Posted February 3, 2017
Spinning, running, jumping, dancing: Kids need to be active for proper development of their minds and bodies. These physical activities are directed by the vestibular system, located in the middle and inner ear. If it’s not working correctly, kids may feel the world is out of balance, affecting their learning and behavior. Here are four things to know:
1. Development – As babies grow in the womb, the vestibular is the first sensory system to form.
- It’s located deep inside the ear where it’s protected by the brain.
- It organizes and responds to sensory input.
- If not developed correctly, the vestibular system may not properly process gravitational or survival information through the eyes and ears, which sends the wrong messages to the brain.
- The vestibular system may not develop correctly for several reasons, such as:
- Premature birth
- Extensive incubation after birth
- Exposure to extreme movements or sounds in the womb or as an infant
- Minimal holding or moving around after birth
- Severe or repeated ear infections
2. Function – The vestibular system plays an important role in kids’ body control and movement, including:
- Awareness of space
- Activity – rolling, crawling, walking, jumping, climbing
3. Symptoms – According to medical researchers, kids with poor vestibular processing may exhibit a variety of behaviors:
- Lack of focus and random eye movement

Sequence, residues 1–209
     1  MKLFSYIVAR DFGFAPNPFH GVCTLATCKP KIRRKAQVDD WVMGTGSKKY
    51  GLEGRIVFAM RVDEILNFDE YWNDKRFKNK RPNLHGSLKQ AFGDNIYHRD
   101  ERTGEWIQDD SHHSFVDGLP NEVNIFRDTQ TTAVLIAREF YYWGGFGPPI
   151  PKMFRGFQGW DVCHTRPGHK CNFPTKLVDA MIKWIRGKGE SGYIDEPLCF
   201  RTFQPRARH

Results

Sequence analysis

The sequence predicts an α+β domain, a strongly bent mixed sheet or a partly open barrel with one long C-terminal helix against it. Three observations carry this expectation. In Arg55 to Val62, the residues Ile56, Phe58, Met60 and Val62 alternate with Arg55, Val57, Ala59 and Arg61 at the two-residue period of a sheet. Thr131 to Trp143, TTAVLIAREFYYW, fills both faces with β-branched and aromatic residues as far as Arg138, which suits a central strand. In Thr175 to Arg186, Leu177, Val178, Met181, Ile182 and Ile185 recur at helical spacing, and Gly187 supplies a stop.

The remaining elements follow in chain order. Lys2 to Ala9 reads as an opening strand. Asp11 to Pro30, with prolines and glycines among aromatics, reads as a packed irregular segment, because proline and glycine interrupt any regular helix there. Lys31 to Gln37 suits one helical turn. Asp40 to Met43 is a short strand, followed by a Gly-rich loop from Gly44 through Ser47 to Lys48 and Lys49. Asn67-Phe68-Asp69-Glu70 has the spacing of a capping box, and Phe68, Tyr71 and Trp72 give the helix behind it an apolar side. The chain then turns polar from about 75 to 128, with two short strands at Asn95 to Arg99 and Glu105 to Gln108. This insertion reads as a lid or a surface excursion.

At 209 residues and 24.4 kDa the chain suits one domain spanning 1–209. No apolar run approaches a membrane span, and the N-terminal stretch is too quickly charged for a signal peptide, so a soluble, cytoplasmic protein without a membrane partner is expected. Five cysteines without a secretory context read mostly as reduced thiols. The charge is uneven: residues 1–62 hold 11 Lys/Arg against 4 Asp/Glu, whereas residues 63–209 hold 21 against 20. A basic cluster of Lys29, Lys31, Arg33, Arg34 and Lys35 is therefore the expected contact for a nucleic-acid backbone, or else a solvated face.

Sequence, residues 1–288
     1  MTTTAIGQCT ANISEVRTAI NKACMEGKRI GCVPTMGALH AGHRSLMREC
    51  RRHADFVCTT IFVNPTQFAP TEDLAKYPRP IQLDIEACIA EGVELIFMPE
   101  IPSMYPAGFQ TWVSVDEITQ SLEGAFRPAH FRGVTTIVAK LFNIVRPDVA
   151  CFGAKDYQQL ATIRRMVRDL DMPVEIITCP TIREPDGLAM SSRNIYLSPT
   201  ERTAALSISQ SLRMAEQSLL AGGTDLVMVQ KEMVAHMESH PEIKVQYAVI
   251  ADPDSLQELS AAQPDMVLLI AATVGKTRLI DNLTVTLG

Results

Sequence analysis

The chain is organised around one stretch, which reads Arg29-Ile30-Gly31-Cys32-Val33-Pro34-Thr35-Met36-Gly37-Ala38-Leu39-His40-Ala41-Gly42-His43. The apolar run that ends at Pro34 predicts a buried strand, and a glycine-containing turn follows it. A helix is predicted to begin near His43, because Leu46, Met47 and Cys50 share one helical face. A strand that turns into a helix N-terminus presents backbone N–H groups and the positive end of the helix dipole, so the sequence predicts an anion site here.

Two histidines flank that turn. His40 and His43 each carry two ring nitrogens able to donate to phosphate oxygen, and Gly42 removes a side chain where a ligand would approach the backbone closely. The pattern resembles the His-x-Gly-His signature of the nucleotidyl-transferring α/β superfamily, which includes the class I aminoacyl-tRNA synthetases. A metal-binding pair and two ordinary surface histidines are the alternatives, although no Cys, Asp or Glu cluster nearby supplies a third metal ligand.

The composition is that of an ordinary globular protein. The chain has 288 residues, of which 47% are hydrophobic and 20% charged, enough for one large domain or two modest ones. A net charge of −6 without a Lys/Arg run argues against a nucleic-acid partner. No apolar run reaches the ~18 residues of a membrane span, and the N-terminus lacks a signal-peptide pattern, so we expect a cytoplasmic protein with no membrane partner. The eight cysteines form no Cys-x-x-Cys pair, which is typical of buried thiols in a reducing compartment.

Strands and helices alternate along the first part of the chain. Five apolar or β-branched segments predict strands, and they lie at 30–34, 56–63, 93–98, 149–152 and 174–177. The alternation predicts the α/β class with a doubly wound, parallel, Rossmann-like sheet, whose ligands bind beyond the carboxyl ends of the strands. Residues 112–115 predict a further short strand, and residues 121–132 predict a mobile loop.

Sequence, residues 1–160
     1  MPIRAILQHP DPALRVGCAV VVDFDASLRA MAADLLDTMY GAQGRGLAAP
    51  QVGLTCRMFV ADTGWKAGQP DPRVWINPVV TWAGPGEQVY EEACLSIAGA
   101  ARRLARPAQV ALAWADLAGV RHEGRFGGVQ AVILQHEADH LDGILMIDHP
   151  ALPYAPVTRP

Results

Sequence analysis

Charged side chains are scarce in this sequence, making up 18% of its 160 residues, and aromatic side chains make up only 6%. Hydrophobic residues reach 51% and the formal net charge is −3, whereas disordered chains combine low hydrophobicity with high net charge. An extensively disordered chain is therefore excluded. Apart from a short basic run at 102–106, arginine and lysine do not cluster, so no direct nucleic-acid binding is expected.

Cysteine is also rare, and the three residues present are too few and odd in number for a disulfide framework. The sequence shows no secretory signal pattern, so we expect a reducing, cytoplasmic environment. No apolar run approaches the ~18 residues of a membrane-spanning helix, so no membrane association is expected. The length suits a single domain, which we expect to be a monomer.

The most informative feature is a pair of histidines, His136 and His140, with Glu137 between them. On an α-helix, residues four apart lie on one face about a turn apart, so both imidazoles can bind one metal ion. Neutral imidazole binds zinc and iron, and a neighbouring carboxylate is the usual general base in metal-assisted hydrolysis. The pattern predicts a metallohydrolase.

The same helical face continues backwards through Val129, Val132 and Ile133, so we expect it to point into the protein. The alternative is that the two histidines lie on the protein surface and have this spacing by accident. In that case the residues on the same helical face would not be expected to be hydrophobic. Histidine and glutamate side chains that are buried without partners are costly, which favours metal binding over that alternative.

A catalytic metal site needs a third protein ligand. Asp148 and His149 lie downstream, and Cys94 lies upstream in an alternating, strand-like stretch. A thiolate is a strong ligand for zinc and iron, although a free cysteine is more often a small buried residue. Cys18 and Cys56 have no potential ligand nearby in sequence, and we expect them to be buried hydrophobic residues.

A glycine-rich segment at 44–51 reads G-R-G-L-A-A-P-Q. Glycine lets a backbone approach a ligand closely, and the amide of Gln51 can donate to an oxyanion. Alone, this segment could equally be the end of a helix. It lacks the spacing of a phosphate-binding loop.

- Inability to read, write in cursive or solve basic math problems
- Constant movement – bouncing, fidgeting, rocking
- Impulsive behavior that may be unsafe
- Fear of being in a confined space or sudden movements, such as riding an elevator
- Motion sickness and feeling nauseous
- Balance problems as evidenced by crashing into things, falling without reason, difficulty walking on uneven surfaces, or problems climbing stairs
4. Treatment – Parents whose kids exhibit signs of poor vestibular processing should contact their doctor to explore treatment options, such as:
- Encouraging kids to play outside and engage in supervised swinging, rolling, jumping or climbing activities.
- Limiting the amount of time spent watching TV or playing video games.
- Engaging in thinking activities to stimulate processing information from using the eyes and ears.
- Taking over-the-counter or prescription medications to alleviate symptoms.